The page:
This course is open only to students registered for the Translation in Theory and Practice specialization.
“There are few efforts more conducive to humility than that of the translator trying to communicate an incommunicable beauty. Yet, unless we do try, something unique and never surpassed will cease to exist except in the libraries of a few inquisitive book lovers.” Many will disagree with this quotation by the American classicist and teacher, Edith Hamilton (1867-1963), herself the author of beautiful translations of Greek tragedies. They would argue that reading a translation is like looking at “the other side of a tapestry” (Cervantes): it is not difficult, but actually impossible and should therefore not be tried at home – or in tutorial. However, this (i.e. trying) is precisely what we are going to do in this course.
In the first few weeks of the course, we will explore some of the issues (like the one above) in literary translation that scholars in different times and cultures have asked themselves. The second half of the course will be in the form of translation workshops, led by one or two students who have prepared short, annotated translations of fiction, poetry or drama at home.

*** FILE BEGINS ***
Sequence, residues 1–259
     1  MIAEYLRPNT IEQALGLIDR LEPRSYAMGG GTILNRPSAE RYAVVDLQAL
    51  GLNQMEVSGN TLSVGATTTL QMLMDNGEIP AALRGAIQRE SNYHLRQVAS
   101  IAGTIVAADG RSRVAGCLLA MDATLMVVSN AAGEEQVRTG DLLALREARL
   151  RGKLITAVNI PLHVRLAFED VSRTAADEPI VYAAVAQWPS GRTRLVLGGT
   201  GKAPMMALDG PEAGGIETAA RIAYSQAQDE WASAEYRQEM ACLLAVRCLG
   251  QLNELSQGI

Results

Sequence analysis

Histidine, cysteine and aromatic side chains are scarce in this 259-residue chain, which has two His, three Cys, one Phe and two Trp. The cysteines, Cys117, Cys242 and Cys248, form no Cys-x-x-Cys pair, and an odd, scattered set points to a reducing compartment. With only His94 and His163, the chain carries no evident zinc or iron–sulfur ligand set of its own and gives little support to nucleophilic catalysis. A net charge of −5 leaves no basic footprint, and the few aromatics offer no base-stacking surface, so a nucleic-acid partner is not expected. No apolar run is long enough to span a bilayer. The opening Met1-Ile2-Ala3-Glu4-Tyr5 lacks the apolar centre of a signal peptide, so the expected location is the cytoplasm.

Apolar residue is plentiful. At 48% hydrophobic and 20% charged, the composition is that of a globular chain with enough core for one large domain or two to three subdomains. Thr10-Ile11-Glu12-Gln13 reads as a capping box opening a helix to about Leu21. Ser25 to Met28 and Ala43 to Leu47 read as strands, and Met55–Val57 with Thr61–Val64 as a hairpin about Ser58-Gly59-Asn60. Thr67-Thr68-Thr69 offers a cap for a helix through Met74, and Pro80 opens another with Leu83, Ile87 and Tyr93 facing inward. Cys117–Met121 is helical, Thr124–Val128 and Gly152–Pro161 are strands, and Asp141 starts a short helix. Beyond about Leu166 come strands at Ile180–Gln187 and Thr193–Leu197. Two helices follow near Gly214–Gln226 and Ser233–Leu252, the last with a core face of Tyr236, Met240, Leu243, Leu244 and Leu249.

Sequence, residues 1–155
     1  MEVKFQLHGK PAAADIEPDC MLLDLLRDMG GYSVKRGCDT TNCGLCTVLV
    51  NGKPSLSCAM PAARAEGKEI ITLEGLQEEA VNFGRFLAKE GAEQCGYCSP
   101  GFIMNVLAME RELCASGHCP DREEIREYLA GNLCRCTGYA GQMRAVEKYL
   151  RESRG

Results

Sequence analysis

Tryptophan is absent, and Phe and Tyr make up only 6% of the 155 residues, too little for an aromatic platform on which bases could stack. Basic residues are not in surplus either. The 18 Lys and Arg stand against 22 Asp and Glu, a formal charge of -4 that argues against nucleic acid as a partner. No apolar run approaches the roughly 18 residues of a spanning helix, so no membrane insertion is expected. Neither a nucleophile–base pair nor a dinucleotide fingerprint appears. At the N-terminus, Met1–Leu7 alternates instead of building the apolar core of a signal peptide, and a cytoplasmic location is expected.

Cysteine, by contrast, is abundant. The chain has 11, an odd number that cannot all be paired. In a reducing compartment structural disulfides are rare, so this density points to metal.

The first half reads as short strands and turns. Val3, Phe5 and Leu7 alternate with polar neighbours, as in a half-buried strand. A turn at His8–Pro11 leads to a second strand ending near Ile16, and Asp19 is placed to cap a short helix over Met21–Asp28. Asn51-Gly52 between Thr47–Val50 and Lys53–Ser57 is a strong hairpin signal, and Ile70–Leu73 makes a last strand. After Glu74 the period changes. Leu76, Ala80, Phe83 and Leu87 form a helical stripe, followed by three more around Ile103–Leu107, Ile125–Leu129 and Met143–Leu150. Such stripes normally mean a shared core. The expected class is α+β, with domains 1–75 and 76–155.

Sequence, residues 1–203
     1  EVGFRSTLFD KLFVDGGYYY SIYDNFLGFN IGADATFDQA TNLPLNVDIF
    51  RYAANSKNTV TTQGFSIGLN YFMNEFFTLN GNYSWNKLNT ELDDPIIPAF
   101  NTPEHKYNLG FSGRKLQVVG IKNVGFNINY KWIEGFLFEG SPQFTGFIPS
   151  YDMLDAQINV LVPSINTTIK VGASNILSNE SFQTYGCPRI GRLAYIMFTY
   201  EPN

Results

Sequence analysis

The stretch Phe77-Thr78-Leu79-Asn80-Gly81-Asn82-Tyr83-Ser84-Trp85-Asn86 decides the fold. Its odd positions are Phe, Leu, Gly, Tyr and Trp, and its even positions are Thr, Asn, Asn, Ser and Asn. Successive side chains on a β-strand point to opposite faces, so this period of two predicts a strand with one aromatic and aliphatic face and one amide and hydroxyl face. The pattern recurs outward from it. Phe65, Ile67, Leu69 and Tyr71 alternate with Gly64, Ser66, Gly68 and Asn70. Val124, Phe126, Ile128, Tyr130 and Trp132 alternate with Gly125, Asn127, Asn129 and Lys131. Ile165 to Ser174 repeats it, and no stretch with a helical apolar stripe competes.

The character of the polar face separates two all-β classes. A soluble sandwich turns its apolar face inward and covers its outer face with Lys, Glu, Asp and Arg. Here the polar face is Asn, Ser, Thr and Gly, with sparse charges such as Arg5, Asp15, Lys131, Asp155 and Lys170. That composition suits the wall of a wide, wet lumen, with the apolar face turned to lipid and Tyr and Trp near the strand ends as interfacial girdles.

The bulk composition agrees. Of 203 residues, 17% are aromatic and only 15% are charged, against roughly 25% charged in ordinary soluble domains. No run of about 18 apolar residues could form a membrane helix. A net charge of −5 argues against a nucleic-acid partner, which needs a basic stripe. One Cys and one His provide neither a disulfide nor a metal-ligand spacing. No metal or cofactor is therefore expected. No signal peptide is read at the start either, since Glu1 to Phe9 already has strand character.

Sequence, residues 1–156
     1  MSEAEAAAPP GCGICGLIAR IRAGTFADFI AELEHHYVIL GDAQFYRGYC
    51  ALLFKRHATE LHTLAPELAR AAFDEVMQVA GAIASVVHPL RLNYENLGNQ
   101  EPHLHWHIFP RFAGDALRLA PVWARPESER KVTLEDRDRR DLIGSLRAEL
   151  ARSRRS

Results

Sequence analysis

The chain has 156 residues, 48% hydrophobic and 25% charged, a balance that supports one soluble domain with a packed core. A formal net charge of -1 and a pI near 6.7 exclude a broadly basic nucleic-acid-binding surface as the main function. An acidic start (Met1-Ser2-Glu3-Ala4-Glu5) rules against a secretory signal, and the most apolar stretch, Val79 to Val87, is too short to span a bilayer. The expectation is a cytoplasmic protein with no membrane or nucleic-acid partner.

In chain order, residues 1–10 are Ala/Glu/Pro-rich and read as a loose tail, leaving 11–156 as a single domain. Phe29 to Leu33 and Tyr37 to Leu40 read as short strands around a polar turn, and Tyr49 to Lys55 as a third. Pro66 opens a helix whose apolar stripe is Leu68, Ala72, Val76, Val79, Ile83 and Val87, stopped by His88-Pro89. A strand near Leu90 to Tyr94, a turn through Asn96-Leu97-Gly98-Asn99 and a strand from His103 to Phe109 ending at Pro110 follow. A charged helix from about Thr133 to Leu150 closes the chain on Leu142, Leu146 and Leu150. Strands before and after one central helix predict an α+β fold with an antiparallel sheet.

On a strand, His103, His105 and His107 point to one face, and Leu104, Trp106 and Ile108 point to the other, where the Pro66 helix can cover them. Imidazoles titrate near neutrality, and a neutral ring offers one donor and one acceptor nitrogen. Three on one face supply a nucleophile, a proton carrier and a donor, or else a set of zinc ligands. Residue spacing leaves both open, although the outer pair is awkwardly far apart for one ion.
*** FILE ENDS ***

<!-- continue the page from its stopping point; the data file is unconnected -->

At the end of the course, students are aware of the challenges involved in literary translation. Furthermore, they are aware of its interdisciplinary nature and of the contributions made by translation theorists, stylisticians, literary scholars and philosophers.
- knowledge of current debates in literary translation;
- knowledge of stylistics;
- ability to apply one’s knowledge and understanding of stylistics in translating literary texts.
The timetable will be available by June 1st on the website.
Mode of instruction
time spent on attending seminars: 28 hours
time for studying the compulsory literature: 42 hours
time to prepare translations, annotations and presentations(includingreading/research): 210 hours
Class paper 10%
Written assignment 30%
Annotated translation 60%
Resit: students who fail the course may resit the translation.
Blackboard will be used to provide students with an overview of current affairs, as well as specific information about (components of) the course.
- Parks, Tim (2007). A Literary Approach to Translation – A Translation Approach to Literature. Manchester (UK) & Kinderhook (NY): St. Jerome Publishing.
Additional reading materials made available on Blackboard.
When registering, students that are registered for the specialisation that this course belongs to, or the Research Master, take priority. The deadline for registration is August 15. All other students should contact the coordinator of studies
MA Linguistics departmental office, P.N. van Eyckhof 4, room 102C. Tel. 071 5272144; mail:firstname.lastname@example.org